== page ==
Western class-consciousness among the elite is reflected in Rabrindranath Tagore’s book “Home and the World”, published in 1919. Bimala, a Bengali woman who married a westernized man with a post-graduate level of education, showed her devotion to him by being educated and “introduced to the modern age in its own language.” The language of the modern was the language of the western”, and it was spoken most fluently by the elite.  
Westernization made a very deep impression on the intellectual life of the elites and informed a new sense of moral duty.
Government officials in particular were heavily influenced by European Liberal universalism- the intersection of Enlightenment ideals of egalitarianism with Imperialist expansionism. This served as a major ideological push for reform within the colonies that targeted elements of the population perceived as uncivilized or unfairly treated.
The labor class was among the social groups that became a target of government programs aimed at reform. In fact, the question of labor helped build government departments that contributed to the development of modern, bureaucratized nation states.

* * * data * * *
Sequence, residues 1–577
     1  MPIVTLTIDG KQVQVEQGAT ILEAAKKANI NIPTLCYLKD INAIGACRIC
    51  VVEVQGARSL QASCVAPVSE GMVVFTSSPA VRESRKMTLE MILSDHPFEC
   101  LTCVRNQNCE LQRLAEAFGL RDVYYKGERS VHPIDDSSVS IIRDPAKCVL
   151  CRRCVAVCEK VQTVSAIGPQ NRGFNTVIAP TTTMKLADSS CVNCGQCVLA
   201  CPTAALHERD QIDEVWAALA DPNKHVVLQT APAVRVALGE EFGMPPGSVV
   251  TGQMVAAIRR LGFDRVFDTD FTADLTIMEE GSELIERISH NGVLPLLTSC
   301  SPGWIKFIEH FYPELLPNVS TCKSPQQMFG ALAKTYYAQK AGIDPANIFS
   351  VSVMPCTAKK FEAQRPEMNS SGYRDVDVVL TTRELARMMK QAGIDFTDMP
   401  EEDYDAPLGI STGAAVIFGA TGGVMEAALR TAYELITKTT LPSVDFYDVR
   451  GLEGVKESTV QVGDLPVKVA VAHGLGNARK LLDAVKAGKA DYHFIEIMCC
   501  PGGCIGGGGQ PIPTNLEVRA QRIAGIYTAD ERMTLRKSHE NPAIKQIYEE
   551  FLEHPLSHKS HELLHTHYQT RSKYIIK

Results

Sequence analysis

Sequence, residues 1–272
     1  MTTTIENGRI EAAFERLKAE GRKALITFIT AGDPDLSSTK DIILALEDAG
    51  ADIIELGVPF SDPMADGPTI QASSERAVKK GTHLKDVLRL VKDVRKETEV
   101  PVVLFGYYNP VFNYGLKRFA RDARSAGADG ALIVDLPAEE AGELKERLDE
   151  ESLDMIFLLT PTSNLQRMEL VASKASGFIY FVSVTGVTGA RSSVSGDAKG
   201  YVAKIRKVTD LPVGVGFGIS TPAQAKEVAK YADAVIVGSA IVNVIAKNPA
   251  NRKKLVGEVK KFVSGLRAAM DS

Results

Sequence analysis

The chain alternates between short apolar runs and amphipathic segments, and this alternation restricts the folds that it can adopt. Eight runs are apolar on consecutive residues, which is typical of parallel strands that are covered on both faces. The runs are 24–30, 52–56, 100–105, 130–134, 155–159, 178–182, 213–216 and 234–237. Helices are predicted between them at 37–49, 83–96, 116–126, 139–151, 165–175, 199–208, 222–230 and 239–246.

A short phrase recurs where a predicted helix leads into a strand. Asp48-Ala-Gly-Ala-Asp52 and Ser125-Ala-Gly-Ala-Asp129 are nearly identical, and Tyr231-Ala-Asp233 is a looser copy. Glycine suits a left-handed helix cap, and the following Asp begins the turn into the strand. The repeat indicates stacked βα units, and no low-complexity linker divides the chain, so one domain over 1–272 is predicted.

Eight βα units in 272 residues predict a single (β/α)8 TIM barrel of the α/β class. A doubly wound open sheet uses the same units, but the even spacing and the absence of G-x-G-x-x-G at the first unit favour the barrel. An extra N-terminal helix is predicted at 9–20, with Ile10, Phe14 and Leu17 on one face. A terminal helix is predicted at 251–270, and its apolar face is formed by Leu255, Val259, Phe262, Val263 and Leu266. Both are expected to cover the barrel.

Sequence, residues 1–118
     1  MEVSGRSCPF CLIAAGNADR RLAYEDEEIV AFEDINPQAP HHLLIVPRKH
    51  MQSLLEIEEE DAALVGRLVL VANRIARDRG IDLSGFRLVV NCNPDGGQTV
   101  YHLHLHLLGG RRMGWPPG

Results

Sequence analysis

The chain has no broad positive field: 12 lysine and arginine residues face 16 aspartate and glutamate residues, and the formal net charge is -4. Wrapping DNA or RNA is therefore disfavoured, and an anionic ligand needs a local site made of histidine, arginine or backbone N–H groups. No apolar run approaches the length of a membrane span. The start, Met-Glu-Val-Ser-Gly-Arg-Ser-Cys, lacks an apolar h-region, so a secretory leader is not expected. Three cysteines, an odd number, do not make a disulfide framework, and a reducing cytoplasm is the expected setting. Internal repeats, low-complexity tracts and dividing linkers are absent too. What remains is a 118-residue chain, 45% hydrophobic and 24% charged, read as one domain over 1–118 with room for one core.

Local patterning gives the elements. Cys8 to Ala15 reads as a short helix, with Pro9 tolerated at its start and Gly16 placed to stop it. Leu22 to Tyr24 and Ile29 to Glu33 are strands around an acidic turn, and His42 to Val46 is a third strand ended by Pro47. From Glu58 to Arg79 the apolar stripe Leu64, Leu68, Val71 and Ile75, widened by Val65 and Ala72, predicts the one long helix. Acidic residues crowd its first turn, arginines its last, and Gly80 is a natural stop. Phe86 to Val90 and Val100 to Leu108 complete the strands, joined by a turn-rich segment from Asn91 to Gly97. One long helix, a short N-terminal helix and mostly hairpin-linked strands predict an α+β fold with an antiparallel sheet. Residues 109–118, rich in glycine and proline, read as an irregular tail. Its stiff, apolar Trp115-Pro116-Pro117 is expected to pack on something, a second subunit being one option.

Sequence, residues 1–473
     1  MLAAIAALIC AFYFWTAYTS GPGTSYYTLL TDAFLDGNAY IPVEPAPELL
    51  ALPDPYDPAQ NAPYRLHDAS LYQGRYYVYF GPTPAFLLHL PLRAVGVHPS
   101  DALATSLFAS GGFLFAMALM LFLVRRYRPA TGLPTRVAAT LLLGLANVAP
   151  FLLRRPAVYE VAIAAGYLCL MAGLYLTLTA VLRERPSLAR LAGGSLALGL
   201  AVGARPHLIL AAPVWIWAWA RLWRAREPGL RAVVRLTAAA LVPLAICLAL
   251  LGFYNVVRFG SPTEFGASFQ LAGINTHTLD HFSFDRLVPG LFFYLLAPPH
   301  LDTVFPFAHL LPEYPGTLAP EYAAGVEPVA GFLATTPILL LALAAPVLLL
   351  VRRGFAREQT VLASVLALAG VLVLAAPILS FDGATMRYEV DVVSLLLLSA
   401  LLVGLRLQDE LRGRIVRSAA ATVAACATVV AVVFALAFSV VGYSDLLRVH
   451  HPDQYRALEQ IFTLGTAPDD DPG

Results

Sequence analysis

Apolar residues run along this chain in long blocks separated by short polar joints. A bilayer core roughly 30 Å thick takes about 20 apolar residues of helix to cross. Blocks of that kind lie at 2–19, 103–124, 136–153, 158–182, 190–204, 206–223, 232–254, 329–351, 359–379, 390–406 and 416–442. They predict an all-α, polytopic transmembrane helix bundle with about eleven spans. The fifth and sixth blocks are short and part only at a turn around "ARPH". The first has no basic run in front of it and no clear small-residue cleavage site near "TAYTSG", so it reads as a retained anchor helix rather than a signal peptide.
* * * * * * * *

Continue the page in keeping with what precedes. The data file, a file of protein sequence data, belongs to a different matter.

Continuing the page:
In British Malaya, for example, the call for further investigation and management of labor affairs led to the creation of the the Malayan Labor Department in 1911. This department served to both protect labor from estate managers and ensure the smooth inflow of the labor supply from Southern India.  
This brings us to the next class created by colonial forces: migrant labor.
The Asian working class was formed out of the regional separation of labor and capital in the industrialized world economy. Capital was supplied by Europeans, while labor was supplied Asians and Africans in colonized territories.
A major consequence of this conception of divided inputs for industrial production was the spread of migratory networks of labor across the Bay of Bengal. This migration was determined by both “push” and “pull” factors incentivizing voyages across the Bay to different parts of empire. Migrants were often “pushed” by famine, ecological disasters and economic depressions set off by fluctuations in global commodity markets. The main “pull” factor was the prospect of higher wages - leading to a higher standard of living.